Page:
Sovereign wealth funds cheer FPI framework; double assets in 10 months

Written by Jash Kriplani | Mumbai | Updated: Sep 19 2014, 10:03am hrs
SebiRecent regulatory changes introduced by Sebi with regards to foreign investors seem to have gone down well with sovereign wealth funds. (Reuters)
Recent regulatory changes introduced by the Securities and Exchange Board of India (Sebi) with regards to foreign investors seem to have gone down well with sovereign wealth funds (SWFs), who have more than doubled their equity assets in the last 10-12 months.

Just a couple of months after Sebi issued the draft regulations for foreign portfolio investor (FPI) regime, SWFs assets under custody (AUC) surged to their highest ever at $18.07 billion in December, 2013. Since then, SWFs have further raised their equity holdings, with AUCs surging past $24 billion 150% higher than the levels seen just before the draft in September 2013.

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Experts say the new regulatory framework has made it easier for SWFs to access Indian markets. The increased interest from SWFs in India is also aligned well with the recent changes ushered in by Sebi during the roll-out of the new FPI regime. The new regulations have provided relaxed norms for SWFs, foreign central banks, multilateral agencies, etc, in the form of an exclusive Category-1 for such investors, said Ranjan Bhattacharya, head, custody and clearing, India, HSBC Securities Services. HSBC was core member of the Chandrashekar Committee that made recommendations for the new regulatory framework.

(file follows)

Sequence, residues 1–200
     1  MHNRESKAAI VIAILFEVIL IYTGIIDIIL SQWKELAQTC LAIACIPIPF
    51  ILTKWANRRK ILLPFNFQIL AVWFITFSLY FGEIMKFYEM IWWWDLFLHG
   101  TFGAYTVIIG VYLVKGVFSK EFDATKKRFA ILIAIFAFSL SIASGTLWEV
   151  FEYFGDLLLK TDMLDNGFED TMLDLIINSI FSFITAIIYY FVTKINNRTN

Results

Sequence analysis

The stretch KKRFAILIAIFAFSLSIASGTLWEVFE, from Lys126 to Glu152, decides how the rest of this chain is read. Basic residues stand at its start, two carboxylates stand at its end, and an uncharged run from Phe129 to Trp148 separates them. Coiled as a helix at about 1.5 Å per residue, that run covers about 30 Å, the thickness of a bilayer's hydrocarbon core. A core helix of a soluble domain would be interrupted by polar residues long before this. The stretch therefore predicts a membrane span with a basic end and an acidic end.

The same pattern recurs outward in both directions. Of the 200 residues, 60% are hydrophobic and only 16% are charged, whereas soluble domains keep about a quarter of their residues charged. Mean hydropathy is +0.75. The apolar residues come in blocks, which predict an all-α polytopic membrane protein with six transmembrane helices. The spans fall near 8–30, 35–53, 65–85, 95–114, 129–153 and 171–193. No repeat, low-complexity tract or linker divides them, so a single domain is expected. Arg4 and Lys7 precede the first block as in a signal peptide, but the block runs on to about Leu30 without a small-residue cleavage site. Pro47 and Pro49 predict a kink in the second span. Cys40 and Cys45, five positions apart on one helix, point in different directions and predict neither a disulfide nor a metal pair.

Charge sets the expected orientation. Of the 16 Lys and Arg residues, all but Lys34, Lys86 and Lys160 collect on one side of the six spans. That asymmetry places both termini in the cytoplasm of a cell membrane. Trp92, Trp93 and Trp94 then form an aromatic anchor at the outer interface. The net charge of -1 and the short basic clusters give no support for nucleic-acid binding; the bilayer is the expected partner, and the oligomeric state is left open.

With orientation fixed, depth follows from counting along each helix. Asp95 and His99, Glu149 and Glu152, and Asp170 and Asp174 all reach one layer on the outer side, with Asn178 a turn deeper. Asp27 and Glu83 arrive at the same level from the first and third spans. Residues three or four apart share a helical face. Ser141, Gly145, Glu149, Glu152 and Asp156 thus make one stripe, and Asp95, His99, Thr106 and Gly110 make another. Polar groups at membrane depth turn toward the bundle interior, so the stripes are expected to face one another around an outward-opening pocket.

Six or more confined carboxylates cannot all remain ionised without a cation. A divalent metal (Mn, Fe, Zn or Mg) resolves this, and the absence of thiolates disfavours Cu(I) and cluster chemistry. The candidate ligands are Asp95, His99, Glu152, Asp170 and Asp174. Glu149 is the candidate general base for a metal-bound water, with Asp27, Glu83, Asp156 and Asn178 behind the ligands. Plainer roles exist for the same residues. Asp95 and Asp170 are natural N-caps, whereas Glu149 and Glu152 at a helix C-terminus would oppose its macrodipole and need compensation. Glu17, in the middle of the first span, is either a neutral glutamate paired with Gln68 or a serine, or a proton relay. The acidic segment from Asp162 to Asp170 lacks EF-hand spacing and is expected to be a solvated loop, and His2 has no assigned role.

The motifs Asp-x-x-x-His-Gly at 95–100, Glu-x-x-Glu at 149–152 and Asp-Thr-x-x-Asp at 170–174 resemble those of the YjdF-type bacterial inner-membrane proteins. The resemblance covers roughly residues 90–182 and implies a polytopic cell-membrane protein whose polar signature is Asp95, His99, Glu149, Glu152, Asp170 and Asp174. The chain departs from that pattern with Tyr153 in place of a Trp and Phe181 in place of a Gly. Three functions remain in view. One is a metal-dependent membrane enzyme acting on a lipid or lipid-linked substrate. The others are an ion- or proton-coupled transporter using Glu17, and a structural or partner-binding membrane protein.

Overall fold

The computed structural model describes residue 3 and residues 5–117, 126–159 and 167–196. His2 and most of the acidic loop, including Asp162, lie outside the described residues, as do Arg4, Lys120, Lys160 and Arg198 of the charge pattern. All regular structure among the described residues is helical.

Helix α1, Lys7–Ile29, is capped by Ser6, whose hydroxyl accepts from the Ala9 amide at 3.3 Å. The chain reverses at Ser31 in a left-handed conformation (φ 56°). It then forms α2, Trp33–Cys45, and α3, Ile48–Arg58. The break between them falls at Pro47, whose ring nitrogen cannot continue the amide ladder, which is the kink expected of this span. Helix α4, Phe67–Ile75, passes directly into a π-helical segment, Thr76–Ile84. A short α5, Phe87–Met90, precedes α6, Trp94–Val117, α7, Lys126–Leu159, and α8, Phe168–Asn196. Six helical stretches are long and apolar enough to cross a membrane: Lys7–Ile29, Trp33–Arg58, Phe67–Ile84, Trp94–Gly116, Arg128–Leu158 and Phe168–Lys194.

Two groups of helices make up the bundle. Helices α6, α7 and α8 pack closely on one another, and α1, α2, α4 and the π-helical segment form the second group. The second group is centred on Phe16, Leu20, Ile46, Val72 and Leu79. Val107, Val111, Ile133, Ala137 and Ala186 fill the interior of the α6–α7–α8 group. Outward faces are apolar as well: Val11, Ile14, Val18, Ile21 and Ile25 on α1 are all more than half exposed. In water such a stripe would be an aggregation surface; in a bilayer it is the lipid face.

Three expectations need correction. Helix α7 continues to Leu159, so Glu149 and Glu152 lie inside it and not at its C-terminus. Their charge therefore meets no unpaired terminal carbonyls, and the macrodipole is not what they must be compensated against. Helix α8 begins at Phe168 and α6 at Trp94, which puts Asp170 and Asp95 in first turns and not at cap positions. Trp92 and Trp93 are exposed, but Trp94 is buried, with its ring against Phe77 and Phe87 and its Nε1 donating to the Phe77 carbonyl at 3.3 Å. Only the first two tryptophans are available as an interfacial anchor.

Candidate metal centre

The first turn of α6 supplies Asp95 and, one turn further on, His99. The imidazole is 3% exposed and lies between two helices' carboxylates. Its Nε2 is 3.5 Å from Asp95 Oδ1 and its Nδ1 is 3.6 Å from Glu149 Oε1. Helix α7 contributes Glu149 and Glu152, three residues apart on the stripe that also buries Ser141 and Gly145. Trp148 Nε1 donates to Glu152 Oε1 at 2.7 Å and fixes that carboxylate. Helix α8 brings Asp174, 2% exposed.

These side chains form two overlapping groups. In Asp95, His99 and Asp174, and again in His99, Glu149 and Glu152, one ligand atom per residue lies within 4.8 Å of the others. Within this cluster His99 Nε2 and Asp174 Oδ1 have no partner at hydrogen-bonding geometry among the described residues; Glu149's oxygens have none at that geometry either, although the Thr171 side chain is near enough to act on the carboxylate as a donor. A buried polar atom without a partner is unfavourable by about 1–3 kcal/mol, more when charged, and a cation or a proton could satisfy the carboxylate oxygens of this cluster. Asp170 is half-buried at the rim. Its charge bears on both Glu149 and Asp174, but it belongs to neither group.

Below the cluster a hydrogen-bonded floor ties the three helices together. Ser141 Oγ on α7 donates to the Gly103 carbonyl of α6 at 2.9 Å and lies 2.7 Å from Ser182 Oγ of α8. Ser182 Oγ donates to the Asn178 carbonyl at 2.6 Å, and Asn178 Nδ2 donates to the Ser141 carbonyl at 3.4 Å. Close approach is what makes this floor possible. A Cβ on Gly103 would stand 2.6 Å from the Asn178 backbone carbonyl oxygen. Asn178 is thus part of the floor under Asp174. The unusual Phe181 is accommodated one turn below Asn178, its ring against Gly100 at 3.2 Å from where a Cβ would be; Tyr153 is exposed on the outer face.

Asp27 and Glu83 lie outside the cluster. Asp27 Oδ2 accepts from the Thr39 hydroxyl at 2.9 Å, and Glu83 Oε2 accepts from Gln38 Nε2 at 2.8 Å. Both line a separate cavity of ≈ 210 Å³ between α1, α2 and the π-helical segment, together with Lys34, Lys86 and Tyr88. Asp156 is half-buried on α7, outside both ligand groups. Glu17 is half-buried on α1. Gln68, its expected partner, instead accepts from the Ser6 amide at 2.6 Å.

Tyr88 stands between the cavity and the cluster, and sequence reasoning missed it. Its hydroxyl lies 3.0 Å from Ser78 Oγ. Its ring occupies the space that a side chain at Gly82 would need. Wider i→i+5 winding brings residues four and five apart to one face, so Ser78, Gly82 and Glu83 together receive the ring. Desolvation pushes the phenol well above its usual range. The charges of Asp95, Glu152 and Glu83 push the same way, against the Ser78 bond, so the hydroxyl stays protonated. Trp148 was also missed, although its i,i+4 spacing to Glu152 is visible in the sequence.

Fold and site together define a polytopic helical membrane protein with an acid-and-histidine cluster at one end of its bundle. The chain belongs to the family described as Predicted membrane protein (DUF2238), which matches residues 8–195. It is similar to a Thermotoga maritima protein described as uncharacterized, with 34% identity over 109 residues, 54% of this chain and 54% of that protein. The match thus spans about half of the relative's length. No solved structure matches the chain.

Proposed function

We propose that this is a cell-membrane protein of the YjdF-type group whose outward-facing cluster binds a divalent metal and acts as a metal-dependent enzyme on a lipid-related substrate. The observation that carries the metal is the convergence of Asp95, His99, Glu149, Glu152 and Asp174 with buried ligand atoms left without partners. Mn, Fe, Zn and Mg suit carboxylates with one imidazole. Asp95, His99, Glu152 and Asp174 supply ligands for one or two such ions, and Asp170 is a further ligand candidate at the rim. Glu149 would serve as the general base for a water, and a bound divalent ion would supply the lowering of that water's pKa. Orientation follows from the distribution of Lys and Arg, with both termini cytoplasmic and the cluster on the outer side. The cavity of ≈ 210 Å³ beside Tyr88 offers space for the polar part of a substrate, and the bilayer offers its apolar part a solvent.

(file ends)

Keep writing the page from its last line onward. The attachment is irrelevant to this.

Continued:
Experts say under the FPI regime, the Category I investors, which include SWFs, are the biggest beneficiaries as they need the least amount of documentation and enjoy a relaxed a fee structure. Category I FPIs are exempt from paying registration fees, while their counterparts in Category II and Category III have to shell out $3,000 and $300, respectively, under the new framework.

SWFs asset managers would earlier need double-tier registration. An asset manager would need an FII licence and the fund would need a sub-account licence. Under the new regulations, if the fund is regulated, it can register as an FPI. There is no need for a separate registration of the asset manager. SWFs are typically structured with multiple asset managers having different investment strategies and the Indian regulatory framework is conducive for such models to be registered as FPIs in the market, Bhattacharya added. Market observers say SWFs have only been testing the waters so far and could further raise their equity assets. The rally in markets has also contributed to the rise in value of assets held by SWFs.